Wednesday, 19 May 2010

When I was your age, television was called books. And this is a special book.

No 122 – The Princess Bride

Director – Rob Reiner

Some films just age. This is not always detrimental to the story, but it means that the film, as a whole, is stuck in a certain period. From the opening sequence and the plinky plonky 8bit graphics, this film is very much of the 80s.

It doesn’t matter that much because it isn’t trying to be futuristic or show technology of any kind. It is a fairy tale, and can give off a timeless feel. And it does. It is a wonderful film to watch. It just all looks pretty budget.

It is obvious that a lot of the ‘outdoor’ shots are actually in a studio, they look artificial and are littered with the most obviously polystyrene rocks I have ever seen. It isn’t helped that whenever they do have an outdoor shot (especially if it is a wide angled shot) the film stock (on my DVD at least) goes all grainy.

It feels a bit like a 70’s sitcom, when you could easily tell which sections were filmed with which camera because the image quality would completely change.

When you factor in mythical beasts which are obviously people in (fairly unconvincing) suits, you have a film that is – visually at least – very naff.

And yet, none of that matters in the least. Because The Princess Bride is fun, ridiculous, escapist magic.

Maybe it is the strange way that 80’s cynicism and smart aleccary is blended into the fairytale myth that makes it more accessible. After all, you need a fantasy to have a sense of humour otherwise it all gets a little bit po-faced.

The Princess Bride has a fabulous sense of humour throughout. Whilst subtle (it is never knowingly overplayed) the setpieces provide wonderful laughs and thoroughly bonkers moments.

Let me list some of the things that I really like in this film.

The Rodents of Unusual Size – Yes, I know I’ve mentioned how intensely fake they look. But they’re REAL! They’ve been actually genuinely discovered. Surely that is quite exciting.

The Casting – there are so many excellent bit parts and cameos in this film. From the larger roles of the kidnappers through to the small roles that litter the film.

Columbo is in the film. Freaking COLUMBO! Narrating the tale... Amazing. ?But what of the characters within the story.

Firstly Andre the Giant… bless him, he just isn't an actor but he is hilarious in his stilted Arnie voice and the way that he picks up ‘boulders’ – there is no doubt that they are made of foam. He picks them up with such ease.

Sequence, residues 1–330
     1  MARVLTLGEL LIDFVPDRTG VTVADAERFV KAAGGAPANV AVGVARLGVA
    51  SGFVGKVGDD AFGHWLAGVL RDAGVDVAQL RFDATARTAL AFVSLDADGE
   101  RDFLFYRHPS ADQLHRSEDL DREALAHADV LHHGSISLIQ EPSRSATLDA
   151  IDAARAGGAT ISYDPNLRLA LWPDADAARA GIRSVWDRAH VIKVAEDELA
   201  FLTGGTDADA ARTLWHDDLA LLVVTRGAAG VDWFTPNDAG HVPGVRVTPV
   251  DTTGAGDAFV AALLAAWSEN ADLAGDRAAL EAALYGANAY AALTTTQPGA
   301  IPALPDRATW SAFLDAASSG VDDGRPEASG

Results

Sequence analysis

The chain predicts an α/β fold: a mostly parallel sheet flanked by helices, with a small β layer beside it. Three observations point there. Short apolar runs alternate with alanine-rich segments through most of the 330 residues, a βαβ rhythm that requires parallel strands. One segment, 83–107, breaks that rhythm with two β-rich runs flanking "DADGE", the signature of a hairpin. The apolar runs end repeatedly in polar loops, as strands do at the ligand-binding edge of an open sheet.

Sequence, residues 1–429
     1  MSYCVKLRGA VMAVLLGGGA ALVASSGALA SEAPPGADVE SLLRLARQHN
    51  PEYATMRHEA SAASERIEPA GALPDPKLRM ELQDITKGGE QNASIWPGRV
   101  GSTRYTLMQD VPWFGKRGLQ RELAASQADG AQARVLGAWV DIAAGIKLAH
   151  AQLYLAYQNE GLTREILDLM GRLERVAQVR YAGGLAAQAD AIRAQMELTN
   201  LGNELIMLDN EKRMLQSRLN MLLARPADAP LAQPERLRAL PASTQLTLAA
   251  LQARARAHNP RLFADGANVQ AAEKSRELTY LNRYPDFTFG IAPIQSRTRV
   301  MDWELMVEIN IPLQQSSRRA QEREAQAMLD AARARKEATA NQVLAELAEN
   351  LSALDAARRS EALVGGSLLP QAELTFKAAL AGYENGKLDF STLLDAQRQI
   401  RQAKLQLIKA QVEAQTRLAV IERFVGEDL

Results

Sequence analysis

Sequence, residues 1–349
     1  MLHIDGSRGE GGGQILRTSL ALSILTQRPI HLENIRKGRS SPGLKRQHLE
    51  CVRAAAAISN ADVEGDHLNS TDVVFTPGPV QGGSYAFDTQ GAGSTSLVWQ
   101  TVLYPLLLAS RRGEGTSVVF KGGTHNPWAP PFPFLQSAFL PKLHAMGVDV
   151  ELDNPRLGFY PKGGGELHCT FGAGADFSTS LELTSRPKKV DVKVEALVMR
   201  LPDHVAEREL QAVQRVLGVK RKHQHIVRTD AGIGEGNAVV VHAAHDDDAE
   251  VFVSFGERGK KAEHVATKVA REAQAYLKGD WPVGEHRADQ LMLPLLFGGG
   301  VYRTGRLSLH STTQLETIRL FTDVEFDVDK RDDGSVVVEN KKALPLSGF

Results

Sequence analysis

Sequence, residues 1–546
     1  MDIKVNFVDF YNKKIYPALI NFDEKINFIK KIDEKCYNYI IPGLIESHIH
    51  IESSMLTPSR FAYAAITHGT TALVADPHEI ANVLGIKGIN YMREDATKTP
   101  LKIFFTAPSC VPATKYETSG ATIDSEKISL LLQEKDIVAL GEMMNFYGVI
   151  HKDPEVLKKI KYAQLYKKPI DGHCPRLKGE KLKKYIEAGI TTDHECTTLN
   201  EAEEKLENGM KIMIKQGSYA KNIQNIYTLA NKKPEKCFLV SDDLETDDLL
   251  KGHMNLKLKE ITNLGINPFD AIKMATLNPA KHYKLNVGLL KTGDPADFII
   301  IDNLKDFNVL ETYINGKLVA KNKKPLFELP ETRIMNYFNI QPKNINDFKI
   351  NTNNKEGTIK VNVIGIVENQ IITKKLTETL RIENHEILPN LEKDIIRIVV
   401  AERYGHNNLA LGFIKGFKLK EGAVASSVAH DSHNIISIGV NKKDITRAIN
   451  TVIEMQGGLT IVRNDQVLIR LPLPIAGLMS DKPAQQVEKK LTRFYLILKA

He is joined by Wallace Shawn in his kidnapping plot who slimes around with such a smug smarmy attitude you just want to bop him on the nose. Great work from the man who will forever be Rex in my eyes. Or Mr Hall.

We then get random pop ups from Peter Cooke in fine mutton chops and a stupid stupid Goons-esque voice. We have Mel Smith (how random) in preposterous white make up and we have a surprisingly unrecognisable (physically at least) Billy Crystal as Miracle Max. It is an odd juxtaposition to have such a fairytale setting with a fast talking neurotic New Yoik Jew.

Though, let me take this moment to ask an important question. Whilst we talk about casting, what happened to Cary Elwes? Actually, IMDB just told me he was in Saw… which I watched ages ago – I may have to watch it again to see if I can recognise him.

But really, Cary Elwes is much maligned. Firstly, he is beautiful (actually after checking in Saw.... he was beautiful). Genuinely a very pretty man and far prettier than Robin Wright is (I’m sorry to say) in that protagonist couple – and he is very witty. His accent may be preposterously British (in both this and Robin Hood Men in Tights – the only other film I can remember him being in) but his wit is dry, witty and sardonic. Just what you want from a romantic lead.

He also has one of the most wonderful sword fights with Inigo Montoya. Fighting due to nothing more than protocol, they admire each others handiwork and compliment each other on the styles used.

There is also some wonderful banter. But it is all hidden behind layers of civility. This is where the film’s humour really comes in. It offers us a fairytale staple (the duel to the death) and it manages to add just enough strangeness to turn it into a comedy.

The point where both duellers (duelling with their left hands) reveal themselves to be right handed is genuine class.

Which brings me to the greatest character in this film. The one character who pulls the film up from being an enjoyable piece of Sunday afternoon fluff, to the 122nd best film of all time.

Inigo Montoya – played by Mandy Patinkin, who has also recently been in nothing of note. Though the excellent Noel Clarke has cast him in his newest film 4 3 2 1. So here is hoping he gets a bit of a comeback.

Inigo is amazing. A drunk, who is hell bent on vengeance. He is a master dueller and the owner of the thickest Spanish Accent since Robert Rodriguez. He is on the search for the man who killed his father. A six fingered man. Christopher Guest in fact.

Once he gets attacked by Guest he picks himself up from the ground and staggers towards him. Repeating a mantra which makes him stronger with each step. Not only is it a powerful mantra for getting you walking, it is also one of the most iconic, beautiful and chilling lines and Patinkin’s delivery is fabulous.

You may uncover jokes and set pieces and joyous moments every time you watch The Princess Bride. But you will remember it for one reason:

Hello. My name is Inigo Montaya. You killed my father. Prepare to die.

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